So yeah, I was overly affected by the end of Merlin (which made me both happy and very sad); and by the final season of Eureka (which I finished today and it improved my mood in many ways, because even though it was a conclusion, it was a very GOOD conclusion) -- but when it all comes down to it, what's gotten me all twisted up and teary-eyed is my stupid, beloved, damned inanimate gas-guzzling Suburban.
She was the first major purchase I ever made on my own. I bought her used, in 1992, at the ripe old age of 26 (me -- she was five). Despite a low-paying and thankless job, I managed to finance her on my own. I remember the thrill when she was paid off and I went to the DMV to get a clean title. I still have that original document. Over the years she's been faithful, hard-working, often unthanked; she hauled us, and full crews, to Los Angeles and back, to Yosemite and back, to Knoxville and back, to Vegas and back; she was with me through cheap gas (actually paid $.77 a gallon on that Knoxville trip, in OK City, and filled the 36-gallon tank for $20) and on to expensive (when it's run nearly $150 to fill the tank). She's had a few major breakdowns (stranded us in Cordes Junction overnight when her alternator died coming back from Prescott), driven me on icy roads for the first time, through rain, flooded areas, over roads that weren't roads and out into the Arizona wilderness. She's carried complete gaming exhibit setups for conventions, twenty years of Christmas trees, camping gear, river rocks, bricks, lumber, bags of gardening soil, bags of cement, fencing materials, furniture; she's moved friends and would have gladly moved bodies if asked.
She lost her engine once and needed a new one, in around 2002; I paid for her repairs on four over-extended credit cards and then got myself into credit assistance so I could get out of debt. Paid for that and she kept on going. Then another series of major repairs which was paid for with a sensible Credit Union loan and as that loan wound down, I made a decision -- if I was going to keep her forever, as I really wanted to do, I HAD to retire her before there was another major repair that I couldn't afford to take care of. So I parked her, to be used only when a truck was actually needed, and bought my cube for everyday driving.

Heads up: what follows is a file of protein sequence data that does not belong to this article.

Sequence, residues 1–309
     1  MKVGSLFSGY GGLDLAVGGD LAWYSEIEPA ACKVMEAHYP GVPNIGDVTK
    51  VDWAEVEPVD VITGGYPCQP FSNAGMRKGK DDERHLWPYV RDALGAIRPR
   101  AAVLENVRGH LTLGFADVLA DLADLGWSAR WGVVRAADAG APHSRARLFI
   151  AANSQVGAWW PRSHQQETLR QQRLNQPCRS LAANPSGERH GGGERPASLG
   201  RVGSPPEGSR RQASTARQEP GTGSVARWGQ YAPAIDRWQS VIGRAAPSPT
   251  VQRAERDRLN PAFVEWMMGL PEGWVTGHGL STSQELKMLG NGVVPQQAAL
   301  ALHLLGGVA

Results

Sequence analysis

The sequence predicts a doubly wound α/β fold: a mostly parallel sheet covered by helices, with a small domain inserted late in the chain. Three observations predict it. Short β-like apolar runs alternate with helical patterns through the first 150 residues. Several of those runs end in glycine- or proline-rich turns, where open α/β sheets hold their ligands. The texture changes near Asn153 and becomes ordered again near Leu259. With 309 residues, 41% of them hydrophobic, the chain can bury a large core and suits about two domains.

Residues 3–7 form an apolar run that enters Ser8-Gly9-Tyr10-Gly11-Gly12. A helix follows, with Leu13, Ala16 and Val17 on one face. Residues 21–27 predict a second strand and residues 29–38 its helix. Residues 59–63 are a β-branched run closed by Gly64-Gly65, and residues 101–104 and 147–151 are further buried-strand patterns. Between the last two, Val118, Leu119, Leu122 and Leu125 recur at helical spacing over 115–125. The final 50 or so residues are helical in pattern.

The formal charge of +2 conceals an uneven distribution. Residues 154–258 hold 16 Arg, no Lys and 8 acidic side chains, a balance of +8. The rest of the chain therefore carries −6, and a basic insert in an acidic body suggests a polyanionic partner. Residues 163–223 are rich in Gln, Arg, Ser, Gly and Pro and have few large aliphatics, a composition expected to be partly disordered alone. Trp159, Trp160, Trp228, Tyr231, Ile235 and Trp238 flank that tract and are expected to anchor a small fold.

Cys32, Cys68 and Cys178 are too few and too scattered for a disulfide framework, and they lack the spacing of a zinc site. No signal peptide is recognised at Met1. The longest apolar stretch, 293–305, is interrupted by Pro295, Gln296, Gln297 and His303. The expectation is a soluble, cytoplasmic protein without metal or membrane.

And then, as happens, life occurred.
Now she needs the coolant coil replaced. I don't remember now if it was this truck or the previous one which had to have this done back in the 80's or early 90's, but at that time the labor required to replace that coil was around $900, then the comparatively negligent cost of the parts, because in order to access the coil, you need to basically remove the entire engine. (This truck design trades this off with the very inexpensive cost of replacing the water tank, which in many other vehicles is a Major Repair.)
She wasn't supposed to have an extra 4,000 miles put on her after retirement; she was supposed to be used to haul things from Home Depot to home, maybe once a month, until that "some day" when I could have her fully restored, inside and out. It was a silly dream, I know it; she's not worth that much. But she is technically a "historical vehicle," by DMV standards (25 years old). Restoring her interior and a new paint job would have made her SPECIAL. I always wanted to paint her burgundy and silver (she's white and silver now, her paint falling to pieces like the rest of her is), get the dents and scrapes and rust pounded out and smoothed, and her silver interior all spiffed up and repaired. She was MINE, and I loved her.
And now... it's stupid to waste the money to keep her running, to keep her insured and licensed, even if the cost of that is pretty negligible. It's stupid to want to do this when there are other things we actually need.
But that's the crux of my depression, and like so many such things, I know it's stupid. But she's my truck, and I keep crying. So that's my "reason," why I haven't posted lately or done much of anything but mope and watch television.